abra9823 at mail.usyd.edu.au
Tue Sep 21 09:13:01 CEST 2004
i am going to try and answer a lot of questions posed in separate emails
first of all a more detailed scenario.
considers a ubiquitous/pervasive computing scenario. People walk around
with PDA's which contains information on their activities, preferences
etc. this information can be used to provide personalized services.
consider a shopping center. you have a videostore, a supermarket, perhaps a
cinema as well. there is wireless LAN present. when you walk into the
center carrying your PDA (together with lots and lots of people) you join
up the wireless LAN. the service providers (supermarket, videostore,
cinema) have systems running that periodically broadcast a message saying
what information they need from you along with the adress of the service
provider. you then release the information and this can be used to light
up a particular display bard etc. The information release which is the
information stored also does not contain anything that can uniquely
i am abstracting over quite a few issues here including format for
exchanging data, understanding data, communicating the personalized
service etc. all these are relevant but not of interest to me.
now to your questions
Quoting Andrew Dalke <adalke at mindspring.com>:
> Sure. But if someone's doing that much traffic analysis then
> other possibilities are:
> - do you have characteristic use patterns? (eg, check
> c.l.py every 5 minutes, pull email from your server)
maybe they might. but we are really looking at someone who uses the
service say a few times a day. and there will be hundreds of other users
also with varying frequencies of usage.
> - does your machine have characteristic patterns? My Mac
> and my NT boxes both like telling the network that they
> are present. Even with file services, iTunes and other
> services turned off, it would be pretty easy to identify
> my machine by looking at the headers in an HTML request.
> (Eg, look at the browser identification string, or
> see what cookies are sent and match them to previously
> seen cookies)
i have no clue, i'll need to check. again we are looking at many
users with similar devices.
> - after a new machine connects to the network, check if
> an old machine stop connecting. Even better, since
> you're talking wireless, see if the new machine has the
> same signal strength as the one one.
again, say hundreds of users doing the same thing, ie communicating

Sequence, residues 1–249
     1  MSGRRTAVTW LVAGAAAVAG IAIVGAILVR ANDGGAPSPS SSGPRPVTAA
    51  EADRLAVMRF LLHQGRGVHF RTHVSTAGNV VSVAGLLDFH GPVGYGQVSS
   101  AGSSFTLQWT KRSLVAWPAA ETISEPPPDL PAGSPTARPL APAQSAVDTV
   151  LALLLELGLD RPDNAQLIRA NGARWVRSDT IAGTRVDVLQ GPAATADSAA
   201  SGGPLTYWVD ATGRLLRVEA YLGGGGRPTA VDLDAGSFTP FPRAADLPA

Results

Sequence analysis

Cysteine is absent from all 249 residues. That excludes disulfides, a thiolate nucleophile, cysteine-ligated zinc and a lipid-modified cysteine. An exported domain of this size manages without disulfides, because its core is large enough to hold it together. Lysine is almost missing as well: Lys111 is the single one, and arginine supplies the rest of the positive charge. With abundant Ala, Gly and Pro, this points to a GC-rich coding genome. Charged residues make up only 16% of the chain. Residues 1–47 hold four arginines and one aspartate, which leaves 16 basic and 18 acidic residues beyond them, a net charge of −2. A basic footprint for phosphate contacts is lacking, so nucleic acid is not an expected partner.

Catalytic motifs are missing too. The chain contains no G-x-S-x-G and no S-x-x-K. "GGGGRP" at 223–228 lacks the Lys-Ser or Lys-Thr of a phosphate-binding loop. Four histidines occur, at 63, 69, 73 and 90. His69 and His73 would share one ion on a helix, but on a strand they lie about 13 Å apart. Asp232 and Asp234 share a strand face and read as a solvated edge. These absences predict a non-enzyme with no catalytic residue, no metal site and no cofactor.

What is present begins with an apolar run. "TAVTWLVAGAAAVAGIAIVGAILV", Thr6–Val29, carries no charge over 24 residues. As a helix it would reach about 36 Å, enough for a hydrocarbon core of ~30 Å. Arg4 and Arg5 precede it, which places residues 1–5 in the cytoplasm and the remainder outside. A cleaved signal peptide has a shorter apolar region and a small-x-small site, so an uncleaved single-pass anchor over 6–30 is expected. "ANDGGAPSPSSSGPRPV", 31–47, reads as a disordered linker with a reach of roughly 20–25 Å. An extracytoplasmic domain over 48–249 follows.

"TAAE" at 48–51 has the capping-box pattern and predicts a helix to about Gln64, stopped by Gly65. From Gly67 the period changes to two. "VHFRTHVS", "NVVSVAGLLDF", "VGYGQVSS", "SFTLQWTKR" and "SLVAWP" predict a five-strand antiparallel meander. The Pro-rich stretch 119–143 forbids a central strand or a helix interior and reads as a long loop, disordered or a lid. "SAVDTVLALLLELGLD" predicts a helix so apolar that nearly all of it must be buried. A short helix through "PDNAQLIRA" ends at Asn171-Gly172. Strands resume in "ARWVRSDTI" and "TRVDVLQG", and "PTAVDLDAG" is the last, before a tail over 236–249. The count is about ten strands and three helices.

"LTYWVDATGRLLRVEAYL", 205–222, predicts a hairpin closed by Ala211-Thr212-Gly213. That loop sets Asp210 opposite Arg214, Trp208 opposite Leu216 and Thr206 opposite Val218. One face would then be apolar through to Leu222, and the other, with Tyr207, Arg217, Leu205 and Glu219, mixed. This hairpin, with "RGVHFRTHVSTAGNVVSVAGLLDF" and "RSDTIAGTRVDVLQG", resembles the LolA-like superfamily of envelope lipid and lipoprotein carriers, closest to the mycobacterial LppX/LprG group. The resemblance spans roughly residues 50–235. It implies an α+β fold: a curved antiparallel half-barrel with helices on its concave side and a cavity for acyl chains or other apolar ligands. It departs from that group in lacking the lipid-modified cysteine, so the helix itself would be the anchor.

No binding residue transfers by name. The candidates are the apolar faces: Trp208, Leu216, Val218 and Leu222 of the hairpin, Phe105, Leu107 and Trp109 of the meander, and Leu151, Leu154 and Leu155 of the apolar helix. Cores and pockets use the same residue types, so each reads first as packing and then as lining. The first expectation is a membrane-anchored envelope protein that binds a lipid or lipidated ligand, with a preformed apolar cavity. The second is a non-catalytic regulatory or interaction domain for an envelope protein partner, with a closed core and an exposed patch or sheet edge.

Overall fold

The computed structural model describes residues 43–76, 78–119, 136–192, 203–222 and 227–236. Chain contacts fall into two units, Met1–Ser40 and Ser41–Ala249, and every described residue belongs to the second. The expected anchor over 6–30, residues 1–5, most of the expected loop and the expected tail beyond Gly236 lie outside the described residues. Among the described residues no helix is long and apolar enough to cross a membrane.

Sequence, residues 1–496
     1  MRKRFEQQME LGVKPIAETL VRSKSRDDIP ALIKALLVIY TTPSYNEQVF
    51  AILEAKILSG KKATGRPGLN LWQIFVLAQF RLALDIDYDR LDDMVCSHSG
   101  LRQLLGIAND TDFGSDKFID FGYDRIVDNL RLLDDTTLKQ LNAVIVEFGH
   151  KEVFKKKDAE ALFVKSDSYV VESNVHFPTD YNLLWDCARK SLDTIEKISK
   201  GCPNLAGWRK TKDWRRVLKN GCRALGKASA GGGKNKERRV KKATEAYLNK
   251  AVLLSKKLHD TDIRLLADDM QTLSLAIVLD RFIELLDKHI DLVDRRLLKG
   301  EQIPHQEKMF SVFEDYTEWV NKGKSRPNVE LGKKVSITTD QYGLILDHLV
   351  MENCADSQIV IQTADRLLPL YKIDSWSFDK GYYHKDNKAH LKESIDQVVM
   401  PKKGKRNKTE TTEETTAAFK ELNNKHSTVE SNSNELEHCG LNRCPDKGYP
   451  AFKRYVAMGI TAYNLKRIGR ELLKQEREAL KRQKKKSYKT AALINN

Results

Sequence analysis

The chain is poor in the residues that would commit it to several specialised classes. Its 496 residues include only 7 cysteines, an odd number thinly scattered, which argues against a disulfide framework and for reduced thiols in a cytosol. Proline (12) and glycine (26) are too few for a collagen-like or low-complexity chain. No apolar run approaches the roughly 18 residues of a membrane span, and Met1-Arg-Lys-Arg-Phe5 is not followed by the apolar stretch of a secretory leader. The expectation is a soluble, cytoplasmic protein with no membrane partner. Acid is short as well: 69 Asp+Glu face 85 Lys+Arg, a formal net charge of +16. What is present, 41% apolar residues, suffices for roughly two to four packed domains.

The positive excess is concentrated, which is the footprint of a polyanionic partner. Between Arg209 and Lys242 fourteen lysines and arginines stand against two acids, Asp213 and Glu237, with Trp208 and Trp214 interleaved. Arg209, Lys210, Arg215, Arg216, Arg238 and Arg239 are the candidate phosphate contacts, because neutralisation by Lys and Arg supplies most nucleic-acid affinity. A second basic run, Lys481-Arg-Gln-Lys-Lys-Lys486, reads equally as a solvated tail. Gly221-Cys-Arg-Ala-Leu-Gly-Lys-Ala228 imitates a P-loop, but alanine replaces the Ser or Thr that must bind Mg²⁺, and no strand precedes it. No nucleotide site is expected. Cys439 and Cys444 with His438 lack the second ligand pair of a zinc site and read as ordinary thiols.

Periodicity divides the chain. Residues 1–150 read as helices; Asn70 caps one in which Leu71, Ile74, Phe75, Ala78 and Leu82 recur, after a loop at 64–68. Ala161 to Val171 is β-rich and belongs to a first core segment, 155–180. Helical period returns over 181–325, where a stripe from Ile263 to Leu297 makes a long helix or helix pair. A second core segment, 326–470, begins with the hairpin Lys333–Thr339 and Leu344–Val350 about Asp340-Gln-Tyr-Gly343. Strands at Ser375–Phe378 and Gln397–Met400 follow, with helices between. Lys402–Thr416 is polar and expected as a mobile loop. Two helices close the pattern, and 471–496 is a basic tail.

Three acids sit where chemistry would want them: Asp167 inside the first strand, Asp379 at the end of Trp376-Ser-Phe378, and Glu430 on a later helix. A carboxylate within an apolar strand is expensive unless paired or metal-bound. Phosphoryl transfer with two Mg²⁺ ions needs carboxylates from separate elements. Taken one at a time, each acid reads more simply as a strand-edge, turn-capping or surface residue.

with different MAC addresses.
> - for that matter, someone trying to figure out who people
> are could use several receivers, or a directional
> antenna to figure out where you are and just watch you.
this is very much possible if the area is sparsely occupied. but if
you have lots and lots of people around, i doubt you can pinpoint to a
single person in the crowd.
> - does your machine tell the DHCP server a hostname? If so,
> don't forget to change it when you change your MAC address.
> If not, are you the only one who doesn't use a name?
next step after removing the MAC.
Quoting Jeremy Bowers <jerf at jerf.org>:
> Unless your WLAN is monstrous, they can link your ten uses together by
> looking for the wildly changing MAC address that is only used once. You
> need everybody to do that for it to be any sort of defense.
like i mentioned above, we assume that most if not all users are doing the
same thing, i.e., using wildly changing MAC addresses
> Have you done a decent threat analysis? What are you protecting? What is
> your likely attack vectors? Who cares, or rather, what kind of person
> care? I don't know any of these answers and you are free to share them
> not, as you are comfortable.
since its not a commercial application - merely a research project, no, i
haven't done a threat analysis w.r.t to the type of information exchanged.
i have however looked at all security threats in such a system and will be
applying mechanisms for authentication, confidentiality, integrity etc.
> I am curious about what information you feel you are going to leak with
> static MAC address that you are not going to leak equally with wildly
> changing ones with only slightly more effort from whatever attacker you
> are worried about. Again, it is completely your choice to answer this,
> course, but you have piqued my curiosity.
the ability of a commercial service provider to link your interactions
together and generate a profile of you - that is what i am trying to guard
against. i would like users to have the option of interacting with a
service under different pseudonyms. thus the information they exchange the
first time may be different from what they exchange a second time around.
Quoting Pierre Fortin <pfortin at pfortin.com>:
> The type of LAN is immaterial to what you are proposing. Whatever MAC
> address (excl. broad-/multi-cast) you pick, the server should only snarf
> it if you send some packets to the server (unless the server is also
> running some sniffer code). As long as you _do_ try to talk to the
> server, whichever MAC you use *will*be*known* to the server -- it's the
> only way you can get a response... if you could change just your Tx MAC
> and not your Rx MAC, the server would respond to your
> MAC address; but your machine wouldn't hear it cuz it'd be listening on
> different MAC (Rx)...
> You can't "anonymize" if you plan to have a _conversation_ with the
umm the exchange is one-way. i dont intend to have a conversation with the
thanks for all your comments and apologies to other folks on the list -
this was quite off topic.
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